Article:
madmonkphotog on November 23, 2011 at 4:00 PM

Hayes should spend his Thanksgiving holiday getting advice from Gov. Scott Walker of Wisconsin.

Steve Z on November 23, 2011 at 4:03 PM

Fair is fair. What we should also allow is an energy company to spend all its time developing a way, for example, to ship Canadian oil to America. Then, the Environmentalist only get 2 weeks to formulate their rebuttal. Once the two weeks passes, and the company decides that it wants to go forward against the wishes of the Environmentalist, then so be it.

Mo_mac on November 23, 2011 at 4:21 PM

Mo_mac on November 23, 2011 at 4:21 PM

Me likey.

ctmom on November 23, 2011 at 4:34 PM

For the love of gawd, it’s 2011, not 1930. Labor unions are absolutely unnecessary in this day and age and so is the NLRB. The only reason they exist is to suck mass quantities of cash into the democrat coffers and how even the most staunch democrat can deny that with a straight face is beyond me.

Liars and thieves all of them.

Tim Zank on November 23, 2011 at 6:16 PM

I keep hearing a commercial on the radio with Rand Paul and some Federal Right to Work law….all states are Right to Work states.

Don’t know a damn thing about the details but that would be the cat’s a$$.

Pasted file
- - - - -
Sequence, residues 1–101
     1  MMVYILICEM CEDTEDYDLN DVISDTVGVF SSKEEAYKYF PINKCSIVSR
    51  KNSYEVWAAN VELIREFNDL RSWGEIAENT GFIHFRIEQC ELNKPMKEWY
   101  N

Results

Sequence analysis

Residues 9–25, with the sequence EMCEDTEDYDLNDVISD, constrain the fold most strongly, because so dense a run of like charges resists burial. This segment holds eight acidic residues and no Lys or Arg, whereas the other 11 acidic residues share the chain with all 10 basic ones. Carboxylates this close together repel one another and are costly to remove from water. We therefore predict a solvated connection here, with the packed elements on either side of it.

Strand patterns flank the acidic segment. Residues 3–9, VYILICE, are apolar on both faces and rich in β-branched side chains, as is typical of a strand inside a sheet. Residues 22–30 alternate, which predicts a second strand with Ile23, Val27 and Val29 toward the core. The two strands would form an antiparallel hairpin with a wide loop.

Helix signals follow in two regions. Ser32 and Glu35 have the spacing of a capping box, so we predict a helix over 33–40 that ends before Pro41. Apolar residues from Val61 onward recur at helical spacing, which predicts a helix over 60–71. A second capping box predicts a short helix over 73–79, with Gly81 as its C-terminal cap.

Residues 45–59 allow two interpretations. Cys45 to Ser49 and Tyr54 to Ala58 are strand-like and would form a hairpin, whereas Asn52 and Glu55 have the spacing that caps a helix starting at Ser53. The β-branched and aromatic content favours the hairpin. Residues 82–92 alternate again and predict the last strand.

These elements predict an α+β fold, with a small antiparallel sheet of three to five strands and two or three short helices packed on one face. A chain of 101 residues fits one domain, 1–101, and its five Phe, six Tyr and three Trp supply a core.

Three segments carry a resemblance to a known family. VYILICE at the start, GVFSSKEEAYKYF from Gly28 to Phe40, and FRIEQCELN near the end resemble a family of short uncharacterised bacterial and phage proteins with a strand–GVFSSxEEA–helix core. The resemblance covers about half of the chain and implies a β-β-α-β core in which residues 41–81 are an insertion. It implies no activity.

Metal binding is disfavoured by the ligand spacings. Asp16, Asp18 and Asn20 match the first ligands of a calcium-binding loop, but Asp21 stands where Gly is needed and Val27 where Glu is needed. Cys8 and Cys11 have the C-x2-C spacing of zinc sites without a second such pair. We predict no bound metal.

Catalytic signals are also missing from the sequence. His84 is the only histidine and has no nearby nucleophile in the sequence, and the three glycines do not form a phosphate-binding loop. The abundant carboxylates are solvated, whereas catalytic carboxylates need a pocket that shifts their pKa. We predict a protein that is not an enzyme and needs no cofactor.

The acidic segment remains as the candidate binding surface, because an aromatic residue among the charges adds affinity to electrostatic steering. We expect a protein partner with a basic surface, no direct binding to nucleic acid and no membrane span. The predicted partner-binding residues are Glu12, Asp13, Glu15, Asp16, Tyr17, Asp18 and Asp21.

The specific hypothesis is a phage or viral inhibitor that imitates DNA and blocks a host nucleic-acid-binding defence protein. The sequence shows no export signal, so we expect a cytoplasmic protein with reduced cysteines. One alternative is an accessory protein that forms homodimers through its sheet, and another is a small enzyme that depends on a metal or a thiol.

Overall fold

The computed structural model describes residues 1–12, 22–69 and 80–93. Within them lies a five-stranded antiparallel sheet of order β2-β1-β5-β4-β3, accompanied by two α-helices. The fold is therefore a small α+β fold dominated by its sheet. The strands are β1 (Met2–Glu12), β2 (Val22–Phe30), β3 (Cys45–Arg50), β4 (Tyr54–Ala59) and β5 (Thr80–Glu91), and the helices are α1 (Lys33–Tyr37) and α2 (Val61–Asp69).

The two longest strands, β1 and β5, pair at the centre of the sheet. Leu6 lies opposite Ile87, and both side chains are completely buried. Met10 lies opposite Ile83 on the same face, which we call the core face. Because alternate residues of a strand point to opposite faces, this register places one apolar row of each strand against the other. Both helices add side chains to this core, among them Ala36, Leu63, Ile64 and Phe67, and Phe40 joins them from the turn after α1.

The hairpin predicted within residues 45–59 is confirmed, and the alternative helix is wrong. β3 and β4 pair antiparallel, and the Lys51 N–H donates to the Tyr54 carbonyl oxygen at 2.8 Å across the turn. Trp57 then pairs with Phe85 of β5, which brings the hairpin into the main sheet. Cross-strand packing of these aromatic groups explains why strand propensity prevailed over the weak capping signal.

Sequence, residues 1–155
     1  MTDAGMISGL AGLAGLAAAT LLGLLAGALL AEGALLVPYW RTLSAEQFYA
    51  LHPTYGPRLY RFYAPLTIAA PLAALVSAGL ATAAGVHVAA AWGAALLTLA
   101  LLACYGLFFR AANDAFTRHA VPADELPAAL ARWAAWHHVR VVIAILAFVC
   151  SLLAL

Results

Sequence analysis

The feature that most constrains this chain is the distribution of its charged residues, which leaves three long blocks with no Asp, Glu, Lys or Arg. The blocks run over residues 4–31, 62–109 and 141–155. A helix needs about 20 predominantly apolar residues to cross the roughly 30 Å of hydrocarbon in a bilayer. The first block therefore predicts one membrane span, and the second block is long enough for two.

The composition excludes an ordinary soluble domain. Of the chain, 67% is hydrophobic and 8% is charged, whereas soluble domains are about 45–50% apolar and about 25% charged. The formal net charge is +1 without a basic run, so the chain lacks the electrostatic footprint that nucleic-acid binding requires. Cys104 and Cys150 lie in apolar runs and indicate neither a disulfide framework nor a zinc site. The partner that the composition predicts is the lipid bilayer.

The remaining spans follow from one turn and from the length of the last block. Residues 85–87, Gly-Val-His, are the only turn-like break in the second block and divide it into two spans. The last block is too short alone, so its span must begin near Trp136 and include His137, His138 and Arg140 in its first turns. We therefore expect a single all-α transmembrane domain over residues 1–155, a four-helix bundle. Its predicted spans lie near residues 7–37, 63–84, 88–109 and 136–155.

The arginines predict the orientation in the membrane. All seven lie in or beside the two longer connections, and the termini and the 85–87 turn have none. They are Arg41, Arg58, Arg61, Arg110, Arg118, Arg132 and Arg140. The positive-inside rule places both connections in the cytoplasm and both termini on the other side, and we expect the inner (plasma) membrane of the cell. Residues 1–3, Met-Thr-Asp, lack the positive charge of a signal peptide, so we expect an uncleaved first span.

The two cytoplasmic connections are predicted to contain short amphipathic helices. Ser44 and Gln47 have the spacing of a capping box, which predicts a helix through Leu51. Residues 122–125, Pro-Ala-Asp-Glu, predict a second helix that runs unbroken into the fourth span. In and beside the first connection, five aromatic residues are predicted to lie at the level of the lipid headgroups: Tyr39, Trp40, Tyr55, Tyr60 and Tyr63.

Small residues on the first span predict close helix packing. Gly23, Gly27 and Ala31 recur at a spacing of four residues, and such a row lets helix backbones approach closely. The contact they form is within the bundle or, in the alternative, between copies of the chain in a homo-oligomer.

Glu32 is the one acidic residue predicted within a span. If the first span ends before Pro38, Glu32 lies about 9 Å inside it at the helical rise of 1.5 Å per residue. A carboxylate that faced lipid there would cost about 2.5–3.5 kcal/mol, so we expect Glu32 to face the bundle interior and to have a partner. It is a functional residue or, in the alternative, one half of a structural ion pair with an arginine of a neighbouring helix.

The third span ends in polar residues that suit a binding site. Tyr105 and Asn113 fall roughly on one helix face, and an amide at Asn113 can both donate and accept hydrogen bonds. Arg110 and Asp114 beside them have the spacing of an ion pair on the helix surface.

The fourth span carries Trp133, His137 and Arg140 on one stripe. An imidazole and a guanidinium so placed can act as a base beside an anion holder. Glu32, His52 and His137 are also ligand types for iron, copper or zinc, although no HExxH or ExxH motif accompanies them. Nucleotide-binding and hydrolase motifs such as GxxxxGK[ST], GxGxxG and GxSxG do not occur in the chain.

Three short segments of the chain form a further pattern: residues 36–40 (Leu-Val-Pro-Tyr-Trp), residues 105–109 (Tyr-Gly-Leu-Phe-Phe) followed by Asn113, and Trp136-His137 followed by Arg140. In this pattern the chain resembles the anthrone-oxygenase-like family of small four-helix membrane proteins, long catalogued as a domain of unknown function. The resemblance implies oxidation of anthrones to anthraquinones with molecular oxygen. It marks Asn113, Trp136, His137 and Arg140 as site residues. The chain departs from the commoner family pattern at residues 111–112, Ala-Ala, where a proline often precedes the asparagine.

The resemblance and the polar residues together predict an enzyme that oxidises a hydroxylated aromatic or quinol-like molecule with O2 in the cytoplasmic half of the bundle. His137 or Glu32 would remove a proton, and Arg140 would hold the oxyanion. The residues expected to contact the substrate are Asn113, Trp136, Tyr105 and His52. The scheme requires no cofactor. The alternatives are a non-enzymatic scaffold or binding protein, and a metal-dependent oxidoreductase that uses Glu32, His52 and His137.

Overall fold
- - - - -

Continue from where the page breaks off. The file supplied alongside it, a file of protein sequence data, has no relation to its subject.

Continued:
BigWyo on November 23, 2011 at 6:18 PM

The Republican should resign if it will stop the board from doing things.

forest on November 23, 2011 at 7:01 PM

Remarkably strong play by Hayes. Good for him.

Anyone who fails to grasp the fringe-left nuttiness of Obama and the disconnected stupidity of his fringe-left supporters (who somehow believe that he’s a “centrist”) — just look at the three craziest tools in his administration:

NLRB with Craig Becker, communist piece of sh!t — out of control
EPA with nitwit Lisa — out of control
DOJ with corruptocrat Eric Holder — injustice run amok

Centrist, indeed.

Jaibones on November 23, 2011 at 10:36 PM

When did the Democrats start being adverse to Democracy?

Chip on November 23, 2011 at 3:31 PM

Chip, please remember that “democracy” is nothing but mob rule by brute force. I would submit to you that Democrats have been driving toward that goal for more than century. Leftist National/Socialist Progressive Democrats such as the Democrat party in the United States are not adverse to democracy. It’s their core belief and the god they worship.

Happy Thanksgiving anyway.

oldleprechaun on November 24, 2011 at 10:37 AM